April 24, 2009
Library to celebrate partnership, collection
CARBONDALE, Ill. -- A display and symposium May 4 at Southern Illinois University Carbondale’s Morris Library will celebrate a partnership that has brought to the library such significant records as early manuscripts and correspondence from Alexander Graham Bell, John Dewey, George Herbert Mead and Ernest Mach.
Thanks to the partnership between the Hegeler Carus Foundation and Morris Library, the Open Court Publishing Co. records and collection are on permanent loan from the nonprofit foundation to Morris’ Special Collections Research Center (SCRC). Blouke Carus, chairman of Carus Publishing, is the featured speaker for the 3 p.m. celebration at the Morris Library Auditorium. He’ll address the “Significance of Open Court Publications.”
The first donation from the collection came to Morris in 1968. The archival documents include the earliest complete records for the Open Court printing house, a publishing firm that pioneered the arena of philosophical and educational publications from 1886 to 1950. The collection features business records and editorial works, including holograph manuscripts, galleys and proofs. There also are correspondence and other materials relating to the books and journals published by Open Court. Some are typed documents while others are handwritten notes, and they all represent some of the most significant work of philosophers, scientists and historians in the late 19th century and the first half of the 20th, according to Pamela Hackbart-Dean, director of SCRC.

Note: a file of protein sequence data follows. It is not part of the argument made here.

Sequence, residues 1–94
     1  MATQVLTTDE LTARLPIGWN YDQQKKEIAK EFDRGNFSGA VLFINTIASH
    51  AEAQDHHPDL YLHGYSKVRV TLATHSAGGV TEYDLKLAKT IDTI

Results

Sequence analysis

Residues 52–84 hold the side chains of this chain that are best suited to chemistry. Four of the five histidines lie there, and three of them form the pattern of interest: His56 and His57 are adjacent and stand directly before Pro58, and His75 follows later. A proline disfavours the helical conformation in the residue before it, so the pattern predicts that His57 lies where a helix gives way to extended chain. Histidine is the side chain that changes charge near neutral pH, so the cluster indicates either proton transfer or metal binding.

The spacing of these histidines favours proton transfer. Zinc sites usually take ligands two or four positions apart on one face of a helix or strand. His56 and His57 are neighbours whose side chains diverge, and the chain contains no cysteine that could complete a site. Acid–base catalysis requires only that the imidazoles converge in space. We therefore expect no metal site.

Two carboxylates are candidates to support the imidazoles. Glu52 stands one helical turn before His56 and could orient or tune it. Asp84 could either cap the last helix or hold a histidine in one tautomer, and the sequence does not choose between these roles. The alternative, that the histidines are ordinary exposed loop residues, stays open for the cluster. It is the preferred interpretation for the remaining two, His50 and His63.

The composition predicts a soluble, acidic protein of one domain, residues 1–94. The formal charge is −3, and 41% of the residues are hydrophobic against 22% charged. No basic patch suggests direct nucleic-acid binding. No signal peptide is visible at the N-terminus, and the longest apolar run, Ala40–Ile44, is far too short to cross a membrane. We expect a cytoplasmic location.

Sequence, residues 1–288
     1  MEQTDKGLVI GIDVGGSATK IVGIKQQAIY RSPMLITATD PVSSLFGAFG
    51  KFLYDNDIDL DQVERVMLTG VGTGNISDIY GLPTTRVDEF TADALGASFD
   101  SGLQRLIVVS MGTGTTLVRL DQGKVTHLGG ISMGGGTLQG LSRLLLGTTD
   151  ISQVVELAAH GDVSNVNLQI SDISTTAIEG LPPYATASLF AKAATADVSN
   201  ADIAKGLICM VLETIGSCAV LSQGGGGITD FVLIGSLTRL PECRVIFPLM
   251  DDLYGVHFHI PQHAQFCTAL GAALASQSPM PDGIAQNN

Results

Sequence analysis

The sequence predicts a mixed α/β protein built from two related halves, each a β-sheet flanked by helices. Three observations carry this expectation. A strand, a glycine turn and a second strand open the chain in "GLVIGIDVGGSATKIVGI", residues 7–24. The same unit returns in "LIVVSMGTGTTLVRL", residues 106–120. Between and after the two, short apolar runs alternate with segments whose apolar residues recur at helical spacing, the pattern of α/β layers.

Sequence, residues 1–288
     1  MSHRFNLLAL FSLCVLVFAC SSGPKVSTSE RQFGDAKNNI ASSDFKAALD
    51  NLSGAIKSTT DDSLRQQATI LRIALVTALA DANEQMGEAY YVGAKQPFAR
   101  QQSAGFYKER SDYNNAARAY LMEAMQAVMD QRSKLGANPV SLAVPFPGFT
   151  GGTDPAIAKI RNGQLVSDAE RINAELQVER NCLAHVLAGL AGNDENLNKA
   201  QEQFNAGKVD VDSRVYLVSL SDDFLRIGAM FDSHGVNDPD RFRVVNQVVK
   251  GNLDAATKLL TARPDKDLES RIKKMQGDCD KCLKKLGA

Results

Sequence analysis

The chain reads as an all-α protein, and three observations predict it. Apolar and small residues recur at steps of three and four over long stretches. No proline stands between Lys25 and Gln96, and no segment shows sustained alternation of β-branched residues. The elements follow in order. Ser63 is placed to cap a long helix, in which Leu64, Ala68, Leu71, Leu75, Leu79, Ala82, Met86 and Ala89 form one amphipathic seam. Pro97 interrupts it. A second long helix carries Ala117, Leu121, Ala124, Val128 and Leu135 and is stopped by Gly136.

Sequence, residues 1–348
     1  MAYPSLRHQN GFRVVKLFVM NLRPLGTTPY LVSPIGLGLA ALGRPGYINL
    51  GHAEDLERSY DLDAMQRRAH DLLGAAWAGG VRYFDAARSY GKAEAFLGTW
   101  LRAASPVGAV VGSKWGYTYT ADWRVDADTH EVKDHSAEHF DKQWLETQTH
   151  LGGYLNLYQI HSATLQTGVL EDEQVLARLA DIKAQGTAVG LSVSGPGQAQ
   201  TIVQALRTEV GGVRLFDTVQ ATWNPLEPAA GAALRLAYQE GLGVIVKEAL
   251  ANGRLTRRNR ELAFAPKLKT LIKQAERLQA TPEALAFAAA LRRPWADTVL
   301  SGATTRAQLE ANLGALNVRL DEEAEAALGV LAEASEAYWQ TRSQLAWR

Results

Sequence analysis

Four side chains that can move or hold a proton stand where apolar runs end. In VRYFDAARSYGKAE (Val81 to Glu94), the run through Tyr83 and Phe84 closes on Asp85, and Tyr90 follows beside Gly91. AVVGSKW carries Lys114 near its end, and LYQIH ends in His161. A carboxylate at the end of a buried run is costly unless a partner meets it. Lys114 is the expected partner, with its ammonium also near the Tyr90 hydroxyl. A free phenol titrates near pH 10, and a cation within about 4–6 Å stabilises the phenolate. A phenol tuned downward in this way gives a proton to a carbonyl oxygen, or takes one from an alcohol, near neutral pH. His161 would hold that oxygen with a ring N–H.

Also speaking at the May 4 celebration will be David Koch, librarian emeritus, and Melissa Hubbard, rare book librarian at SIUC. The public is welcome to attend.
Edward C. Hegeler, an industrialist born in Germany, founded The Open Court Publishing Co. in 1886 in LaSalle. He had a passion for intellectual pursuits later shared by his son-in-law, Paul Carus. They were interested in the relationship between science and religion and believed in the fundamental unity of all things. They sought to promote and publish ideas about philosophical and ethical issues. This transformed Open Court from publishing small periodicals to printing classical and contemporary philosophical monographs. The company is one of the nation’s first academic publishing companies and many of the firm’s early publications and related documents are now at Morris Library.
The SCRC collects and preserves a variety of rare historical writings in a variety of subject matters, making them available to the community, scholars and public to advance scholarship and enhance the University’s mission. For more information about the Partnership Celebration or Special Collections at Morris Library, call 618/453-2516.